Graft in Afghanistan worries Americans
WASHINGTON (PAN): As the United States prepares for a post-2014 Afghanistan, top lawmakers and experts on Thursday expressed their concern over deep-rooted corruption in the country and the impact that it would have on its future.
“Corruption could prevent army and police units from successfully assuming responsibility for securing Afghanistan from internal and external threats after 2014,” said Congressman Rob Wittman. Corruption also potentially reduced the operational effectiveness of security forces and jeopardised their legitimacy, he added.
Chairing a hearing of the Oversight and Investigations Subcommittee of the House Armed Services Committee, Wittman stressed Afghan forces’s capability of maintaining security after transition to enable the US to achieve its strategic goal of denying terrorists a safe haven in Afghanistan,.
Responding to lawmakers’ concerns, Vanda Felbab-Brown, a fellow in Foreign Policy Studies at the prestigious Brookings Institute, said few Afghans believed that a better future lay on the horizon after 2014.
The result was pervasive hedging on the part of key power-brokers as well as ordinary Afghans, she noted. “Worse yet, Afghans have become disconnected and alienated from the government and other power arrangements.”
Governance in Afghanistan had been characterised by weakly functioning state institutions that were unwilling and unable to uniformly enforce laws and policies, the expert said.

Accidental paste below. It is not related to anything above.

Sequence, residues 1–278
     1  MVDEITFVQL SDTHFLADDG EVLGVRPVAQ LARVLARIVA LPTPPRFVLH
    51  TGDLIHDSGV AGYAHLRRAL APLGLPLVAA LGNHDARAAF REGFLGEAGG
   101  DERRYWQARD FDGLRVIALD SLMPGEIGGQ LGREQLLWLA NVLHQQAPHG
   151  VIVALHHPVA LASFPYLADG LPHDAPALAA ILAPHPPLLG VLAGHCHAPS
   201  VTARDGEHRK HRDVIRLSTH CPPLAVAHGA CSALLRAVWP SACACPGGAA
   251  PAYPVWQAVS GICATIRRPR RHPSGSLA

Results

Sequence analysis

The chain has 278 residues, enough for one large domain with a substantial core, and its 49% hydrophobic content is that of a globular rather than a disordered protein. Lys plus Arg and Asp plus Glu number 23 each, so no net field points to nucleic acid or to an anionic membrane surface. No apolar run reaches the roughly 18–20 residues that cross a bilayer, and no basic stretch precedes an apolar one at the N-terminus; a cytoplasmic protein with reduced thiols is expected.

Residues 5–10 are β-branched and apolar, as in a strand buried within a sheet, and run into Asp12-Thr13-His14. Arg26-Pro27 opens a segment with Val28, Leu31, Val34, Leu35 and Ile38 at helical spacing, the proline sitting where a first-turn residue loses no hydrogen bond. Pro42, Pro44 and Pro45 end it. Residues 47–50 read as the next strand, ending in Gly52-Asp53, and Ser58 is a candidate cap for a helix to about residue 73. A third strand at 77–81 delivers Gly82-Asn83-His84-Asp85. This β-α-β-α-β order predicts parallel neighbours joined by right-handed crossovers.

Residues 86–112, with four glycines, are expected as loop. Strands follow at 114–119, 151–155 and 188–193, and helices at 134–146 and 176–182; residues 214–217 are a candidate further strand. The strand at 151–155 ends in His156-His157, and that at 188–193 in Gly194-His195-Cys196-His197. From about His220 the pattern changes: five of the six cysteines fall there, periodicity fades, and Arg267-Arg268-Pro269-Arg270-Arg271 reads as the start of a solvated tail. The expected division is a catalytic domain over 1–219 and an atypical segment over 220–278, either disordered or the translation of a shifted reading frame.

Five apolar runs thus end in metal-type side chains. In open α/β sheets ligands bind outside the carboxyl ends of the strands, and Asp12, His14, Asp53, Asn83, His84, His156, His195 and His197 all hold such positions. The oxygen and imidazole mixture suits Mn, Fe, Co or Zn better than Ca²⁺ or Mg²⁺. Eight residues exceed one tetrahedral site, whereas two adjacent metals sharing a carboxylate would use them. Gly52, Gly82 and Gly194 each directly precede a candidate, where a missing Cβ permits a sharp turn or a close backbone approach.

She recommended the need for prioritising anti-corruption efforts and curbing ethnic and tribal discrimination that drove entire communities into the hands of the Taliban.
Kenneth Katzman, specialist on Middle Eastern affairs at the Congressional Research, said Afghan forces were subject to corruption factors because there was no tradition of professionalism.
“Numerous examples exist where the United States has given the ANA and ANP weaponry and then they've sold it and put the money in their pockets. They've sold fuel and then they're claiming they're unable to move around to perform missions because they sold the fuel we gave them,” Katzman added.
Felbab-Brown said: “What is also very disturbing about the nature of corruption in Afghanistan is that patronage networks have been shrinking and becoming increasingly exclusionary.
“What is also disturbing about corruption in Afghanistan is, of course, its overlap with the ethnic and tribal rifts and the ability of the Taliban insurgency to emphasise corruption as a key motivating mechanism for the population to tolerate, if not outright support the Taliban.”
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